Back Society » With the End of the Tuoi Tre Rape Allegation, Vietnam's #MeToo Sizzles Out. What Now?

In April this year, a sexual assault allegation surrounding a female intern and a Tuoi Tre editor made national headlines and prompted an outpouring of discussions that paved the way for Vietnam's #MeToo movement. After five months of investigation, the police concluded that the case will not proceed due to lack of evidence.

Many cases of rape and sexual harassment have been covered in media outlets over the years. In 2017, a woman penned a letter to authorities asking to go to prison after her rape case was dropped by the police on the grounds that the intercourse was deemed consensual. This was because she had a chance to run and didn't. The woman reported the rapist threatened her with a knife while her two daughters were present at the crime scene. Several children rape cases have been extensively detailed by the media as well.

These stories are only the tip of the iceberg and often selected purely for their ability to go viral. While largely ignored by legal authorities, the rest of the iceberg remains unreported on which renders it invisible to the public eye. This stops the majority of victims from getting help or seeking justice while toxic behaviors get normalized and excused, often with the help of socio-cultural norms of gender relations and the ambivalence of organizations and criminal justice institutions.

To unpack the intricacies of this topic, we need to dispel the notion that victims have free will to speak out against injustice and instead look at the interwoven network of power that stops their words from getting out.

Sexual harassment does not happen in a vacuum; it is an ugly manifestation of a reality we've helped cultivate and naturalize over the course of human history. In her essay Sexual Harassment, feminist scholar Sara Ahmed argues that sexual harassment incidents are not merely bad behaviors but the result of a "web of influences; a set of practices that we are supposed to accept as how things are because that is the way they were." Untangling this network allows us to imagine a better reality for victims.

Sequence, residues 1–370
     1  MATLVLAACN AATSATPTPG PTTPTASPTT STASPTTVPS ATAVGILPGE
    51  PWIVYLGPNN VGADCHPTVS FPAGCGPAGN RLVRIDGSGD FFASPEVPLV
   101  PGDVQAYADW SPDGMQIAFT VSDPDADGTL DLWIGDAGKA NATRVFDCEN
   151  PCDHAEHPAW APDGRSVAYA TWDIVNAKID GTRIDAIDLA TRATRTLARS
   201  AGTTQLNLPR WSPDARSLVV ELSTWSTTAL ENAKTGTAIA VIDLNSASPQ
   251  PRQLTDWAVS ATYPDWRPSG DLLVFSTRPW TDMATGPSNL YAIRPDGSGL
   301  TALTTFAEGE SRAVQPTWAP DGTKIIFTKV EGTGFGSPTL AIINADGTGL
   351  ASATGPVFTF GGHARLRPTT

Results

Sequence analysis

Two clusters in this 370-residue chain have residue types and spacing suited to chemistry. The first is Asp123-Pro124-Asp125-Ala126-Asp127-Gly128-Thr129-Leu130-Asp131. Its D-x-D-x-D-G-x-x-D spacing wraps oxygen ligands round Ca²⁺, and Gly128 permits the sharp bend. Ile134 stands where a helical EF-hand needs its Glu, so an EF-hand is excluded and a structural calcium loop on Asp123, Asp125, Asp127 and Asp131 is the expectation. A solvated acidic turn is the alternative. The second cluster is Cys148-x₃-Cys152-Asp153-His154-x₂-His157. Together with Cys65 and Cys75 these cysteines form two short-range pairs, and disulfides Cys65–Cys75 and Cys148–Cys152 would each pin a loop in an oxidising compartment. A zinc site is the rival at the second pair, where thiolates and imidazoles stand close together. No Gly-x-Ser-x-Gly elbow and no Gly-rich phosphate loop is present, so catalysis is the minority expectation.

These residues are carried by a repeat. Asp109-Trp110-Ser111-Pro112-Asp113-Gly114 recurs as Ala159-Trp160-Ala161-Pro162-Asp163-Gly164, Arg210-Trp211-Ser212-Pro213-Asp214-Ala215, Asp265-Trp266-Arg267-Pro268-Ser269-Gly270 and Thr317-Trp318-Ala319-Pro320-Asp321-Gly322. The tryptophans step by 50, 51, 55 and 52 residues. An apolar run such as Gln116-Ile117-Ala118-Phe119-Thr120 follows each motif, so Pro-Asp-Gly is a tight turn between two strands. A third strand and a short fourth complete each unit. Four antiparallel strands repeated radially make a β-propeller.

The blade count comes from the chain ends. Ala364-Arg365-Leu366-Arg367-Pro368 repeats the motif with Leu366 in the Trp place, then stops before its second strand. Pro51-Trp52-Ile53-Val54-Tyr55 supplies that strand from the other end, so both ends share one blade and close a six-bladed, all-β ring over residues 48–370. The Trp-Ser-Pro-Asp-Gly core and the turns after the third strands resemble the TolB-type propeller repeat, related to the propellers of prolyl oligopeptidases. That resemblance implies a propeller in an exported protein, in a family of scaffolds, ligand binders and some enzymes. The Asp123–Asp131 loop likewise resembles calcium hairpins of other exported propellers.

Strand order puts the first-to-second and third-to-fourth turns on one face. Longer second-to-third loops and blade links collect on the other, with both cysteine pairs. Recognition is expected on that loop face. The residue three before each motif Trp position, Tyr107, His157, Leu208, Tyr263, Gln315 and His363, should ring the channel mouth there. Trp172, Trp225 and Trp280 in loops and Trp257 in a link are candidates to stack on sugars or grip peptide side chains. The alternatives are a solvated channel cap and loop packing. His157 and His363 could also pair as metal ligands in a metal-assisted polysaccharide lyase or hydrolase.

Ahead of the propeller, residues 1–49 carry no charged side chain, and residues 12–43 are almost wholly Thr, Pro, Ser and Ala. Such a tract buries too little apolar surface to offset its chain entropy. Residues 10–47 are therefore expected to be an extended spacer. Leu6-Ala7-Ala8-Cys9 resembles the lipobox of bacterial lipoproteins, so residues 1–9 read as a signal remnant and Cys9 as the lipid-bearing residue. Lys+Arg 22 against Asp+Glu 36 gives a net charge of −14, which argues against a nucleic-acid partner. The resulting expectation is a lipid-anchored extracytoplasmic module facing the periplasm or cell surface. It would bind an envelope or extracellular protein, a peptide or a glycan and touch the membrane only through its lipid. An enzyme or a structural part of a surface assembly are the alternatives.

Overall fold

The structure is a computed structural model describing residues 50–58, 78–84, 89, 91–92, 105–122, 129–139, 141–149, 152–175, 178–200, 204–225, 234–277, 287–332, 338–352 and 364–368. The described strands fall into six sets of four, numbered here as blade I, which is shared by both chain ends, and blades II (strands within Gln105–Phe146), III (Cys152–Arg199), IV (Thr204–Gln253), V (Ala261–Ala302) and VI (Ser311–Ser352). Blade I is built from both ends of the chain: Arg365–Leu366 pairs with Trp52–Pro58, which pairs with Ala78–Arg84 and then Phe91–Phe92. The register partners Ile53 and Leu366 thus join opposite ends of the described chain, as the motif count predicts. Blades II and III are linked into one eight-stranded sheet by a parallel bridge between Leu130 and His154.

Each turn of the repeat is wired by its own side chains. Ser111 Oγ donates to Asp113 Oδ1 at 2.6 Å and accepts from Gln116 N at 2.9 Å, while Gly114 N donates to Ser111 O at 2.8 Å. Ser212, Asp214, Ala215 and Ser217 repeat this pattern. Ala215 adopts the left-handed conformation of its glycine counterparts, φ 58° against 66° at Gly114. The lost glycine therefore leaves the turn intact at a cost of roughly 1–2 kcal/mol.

Naming the Behaviors

A lack of vocabulary to name and discuss the problem contributes to the perception that one doesn't exist. The term "sexual harassment" was first used with this in mind. Lin Farley, a journalist, coined the term in 1975 to put a name to the experience many women in her classes knew too well — being forced to leave their jobs after rejecting the sexual advances of a supervisor.

The New York Times reported on the public use of the term in April 1975. I will use  "sexual harassment" as an umbrella term in this piece to include verbal, non-verbal, and physical acts that are sexually charged, which include even low-impact behaviors such as catcalls, lewd jokes and higher-impact behaviors such as inappropriate touching and rape.

In Vietnam, according to Khuat Thu Hong, the Vietnamese term for "sexual harassment," quấy rối tình dục, entered the public discourse after 1986. Only after 2012 did the term make it to a Vietnamese legal document inside the revised Labor Code. Despite its recent entrance into the lexicon, sexual harassment is an ancient phenomenon. As Khuat Thu Hong illustrates in Sexual Harassment in Vietnam: A New Term for An Old Phenomenon, there is no term that can convey the full range of behavior that constitutes sexual harassment.

Terms such as chọc ghẹo (teasing), ve vãn (wooing), sàm sỡ (lascivious), (pervert), yêu râu xanh (pervert), khiếm nhã (impolite), might have been used to describe types of sexual harassment, yet these terms downplay the seriousness of the actions to victims, removing the victim's agency and softening the perpetrator's crimes as only minor mischief.

The existence of a term doesn't guarantee a widespread consensus of the definition of such term, however. Misconceptions and myths are still prevalent among many individuals, Hong's research found. In 2016, an ActionAid survey shed light on this problem — the research found that many equate sexual harassment with only rape. Unwanted and unsolicited sexually-charged behaviors are often understood as teasing and an inherent trait central to masculinity and manhood.

Even journalists are confused by the term. According to research announced at a seminar on gender issues in media conducted by Vietnam Women in Journalism (WeNet), Fojo Media Institute and the Center for Media and Development Initiatives (MDI), many journalists still have misconceptions about what kind of behavior constitutes sexual harassment.